Will general election bring stability to Thailand?

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As the general election in Thailand starts on Sunday, the question of whether the election, the country's 26th one since 1933, will bring reconciliation and stability to the country remains an unknown question.

The poll started at 8:00 a.m. and will close at 3:00 p.m. local time on Sunday. Some 47.3 million eligible voters across the country will pick up 500 members of the House of Representatives, or the lower house -- 375 members from single-seat constituencies and another 125 from party-list category.


The poll is expected to be a race between the Ruling Democrat Party led by Prime Minister Abhisit Vejjajiva and the opposition Pheu Thai Party led by Yingluck Shinawatra, the youngest sister of Thailand's ousted ex-premier Thaksin Shinawatra.

According to various pre-election polls, Pheu Thai Party is expected to win with landslide victory in the general election, and the Democrat Party is expected to secure the second place in the election. However, it might be unrealistic that both parties can win the 251 seats needed to form a single-party government.

It's widely believed that the Pheu Thai Party and the Democrat Party will win altogether 380 seats, while the remaining 120 seats will be shared among the rest of parties.

The Democrat Party, the oldest party in Thailand, has been facing a challenge of rising domestic political tensions since Abhisit's coalition government came to office in December 2008 through a parliamentary agreement rather than a fresh election after the Constitutional Court dissolved the then ruling party.

During his term, Thailand has two major demonstrations by the pro-Thaksin group.

It also faced the problems posed by the slowing growth of economy due to the global financial crisis and rising unemployment rate.

Meanwhile, the border conflicts between Thailand and Cambodia over a disputed temple claimed by both sides have also had a profound impact on the foreign policy of Thailand.

For the Pheu Thai Party, which was founded in 2008, is a staunch supporter of the anti-government protests of the "Red Shirts."

Its campaign policies focused on enhancing the minimal wage, increasing investment in rural areas, reducing taxes and building more cheap public houses in order to win wide support.


As one of her campaign policies, Yingluck proposed the general amnesty which her party claimed would reach out to all political colors and disregarded everything that has taken place since the coup in 2006.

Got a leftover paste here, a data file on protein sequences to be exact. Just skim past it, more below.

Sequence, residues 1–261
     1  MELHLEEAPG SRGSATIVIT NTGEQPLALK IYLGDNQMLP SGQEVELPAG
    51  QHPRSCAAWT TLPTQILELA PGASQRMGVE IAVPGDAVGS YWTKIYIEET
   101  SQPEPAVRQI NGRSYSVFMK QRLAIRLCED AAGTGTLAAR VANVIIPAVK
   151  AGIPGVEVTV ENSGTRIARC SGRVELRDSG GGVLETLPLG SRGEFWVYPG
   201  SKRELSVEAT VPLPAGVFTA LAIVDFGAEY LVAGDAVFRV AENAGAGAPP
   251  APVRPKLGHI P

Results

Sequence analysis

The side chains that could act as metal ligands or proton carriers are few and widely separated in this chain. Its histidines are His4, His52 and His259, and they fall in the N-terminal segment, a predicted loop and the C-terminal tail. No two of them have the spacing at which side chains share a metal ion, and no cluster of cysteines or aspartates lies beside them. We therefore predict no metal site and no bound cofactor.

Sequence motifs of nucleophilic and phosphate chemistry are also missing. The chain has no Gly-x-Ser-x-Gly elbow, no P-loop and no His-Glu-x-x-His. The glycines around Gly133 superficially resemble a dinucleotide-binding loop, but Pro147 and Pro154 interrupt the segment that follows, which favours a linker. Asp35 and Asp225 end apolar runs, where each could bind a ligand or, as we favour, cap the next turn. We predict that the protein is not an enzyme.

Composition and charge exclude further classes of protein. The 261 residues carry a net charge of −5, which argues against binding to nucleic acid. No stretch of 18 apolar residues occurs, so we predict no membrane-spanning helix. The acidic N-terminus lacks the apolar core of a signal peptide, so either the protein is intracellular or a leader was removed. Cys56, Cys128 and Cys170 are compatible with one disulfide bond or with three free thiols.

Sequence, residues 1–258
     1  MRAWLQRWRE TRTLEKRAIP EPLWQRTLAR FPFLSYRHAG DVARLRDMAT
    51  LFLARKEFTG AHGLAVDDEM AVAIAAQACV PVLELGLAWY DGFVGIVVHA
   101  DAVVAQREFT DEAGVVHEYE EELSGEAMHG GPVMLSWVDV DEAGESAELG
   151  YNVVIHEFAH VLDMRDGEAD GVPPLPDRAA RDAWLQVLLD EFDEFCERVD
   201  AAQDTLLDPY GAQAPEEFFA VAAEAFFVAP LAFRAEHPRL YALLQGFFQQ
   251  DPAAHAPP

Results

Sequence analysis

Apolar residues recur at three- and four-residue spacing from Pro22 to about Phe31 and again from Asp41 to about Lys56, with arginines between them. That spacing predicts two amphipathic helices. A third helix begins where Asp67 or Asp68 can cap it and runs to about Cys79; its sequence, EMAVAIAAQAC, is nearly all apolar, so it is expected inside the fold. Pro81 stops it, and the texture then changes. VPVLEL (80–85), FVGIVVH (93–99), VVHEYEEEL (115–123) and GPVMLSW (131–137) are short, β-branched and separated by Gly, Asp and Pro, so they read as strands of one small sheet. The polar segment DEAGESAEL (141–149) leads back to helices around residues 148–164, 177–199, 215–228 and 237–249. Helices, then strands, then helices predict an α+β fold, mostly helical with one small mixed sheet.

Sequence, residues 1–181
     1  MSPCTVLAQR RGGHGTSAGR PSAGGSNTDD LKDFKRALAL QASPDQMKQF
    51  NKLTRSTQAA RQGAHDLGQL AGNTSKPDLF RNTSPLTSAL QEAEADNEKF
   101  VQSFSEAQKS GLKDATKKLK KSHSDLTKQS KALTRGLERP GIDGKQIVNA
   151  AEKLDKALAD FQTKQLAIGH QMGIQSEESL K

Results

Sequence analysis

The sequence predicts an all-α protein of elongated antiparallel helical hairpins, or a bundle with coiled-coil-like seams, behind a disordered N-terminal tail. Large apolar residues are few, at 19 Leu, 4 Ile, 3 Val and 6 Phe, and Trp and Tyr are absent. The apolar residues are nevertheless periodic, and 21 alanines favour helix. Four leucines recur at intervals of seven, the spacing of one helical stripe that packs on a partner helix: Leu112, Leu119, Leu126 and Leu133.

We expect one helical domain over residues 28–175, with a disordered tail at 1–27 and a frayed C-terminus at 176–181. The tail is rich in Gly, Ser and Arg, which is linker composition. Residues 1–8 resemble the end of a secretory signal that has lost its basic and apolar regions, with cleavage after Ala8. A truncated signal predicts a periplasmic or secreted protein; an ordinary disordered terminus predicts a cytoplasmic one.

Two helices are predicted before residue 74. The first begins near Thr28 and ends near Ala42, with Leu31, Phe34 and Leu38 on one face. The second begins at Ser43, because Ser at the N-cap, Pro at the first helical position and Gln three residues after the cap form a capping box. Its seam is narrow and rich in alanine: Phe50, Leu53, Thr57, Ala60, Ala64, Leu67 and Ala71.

The proposal, however, has certainly attracted critics from the main opponent, the Democrats, which said this law was designed for whitewashing Thaksin. At its core, the amnesty law aims to clear Thaksin of any wrongdoing, overturn the prison sentence and pave the way for his return.

The Democrats strongly expressed its disagreement against its rival's proposal. Abhisit said many times that "the reconciliation is not about whitewashing people."

Thaksin was ousted by a military coup on Sept. 19, 2006 on charges of corruption and has lived in exile to avoid a two year sentence.

The reconciliation would be unforeseen no matter which party holds the rein of the government. While Pheu Thai cannot afford to fail in their attempt to set up a government as Thaksin's future is at stake, the Democrats must do everything to preserve power to avoid the opposition revenge.

Should Pheu Thai Party take power, the matter of Thakin's coming back will certainly become the main agenda and controversy between supporters and dissenters will overshadow other issues in Thai politics, an observer said.

In a recent interview with Al-Jazeera, fugitive Thaksin has vowed not to seek revenge over the coup if his party wins the upcoming elections.

"If reconciliation is to unite, we need to forget the past," he said. "If we can not forget the past, we are still talking about the past and there is no way we can move ahead."

According to Thitinan Pongsudhirak, Director of the Institute of Security and International Studies, Faculty of Political Science, Chulalongkorn University, to avoid a post-election dead- end, an agreement and understanding among the key protagonists is needed.

To navigate a way forward, both sides and all other political actors on stage and behind the curtains must agree first and foremost that election results must not be subverted, Thitinan said.

If the voice of the majority is dismissed and disenfranchised, as in the wake of the December 2007 polls, more turmoil and volatility can be expected, he added.

Last year, the confrontation between the anti-government "Red shirt" protesters and the military claimed the lives of 91 people.

Analysts fear the poll could reignite tensions in the already politically divided society -- between the rural poor and working class supporting Thaksin and the educated middle classes.

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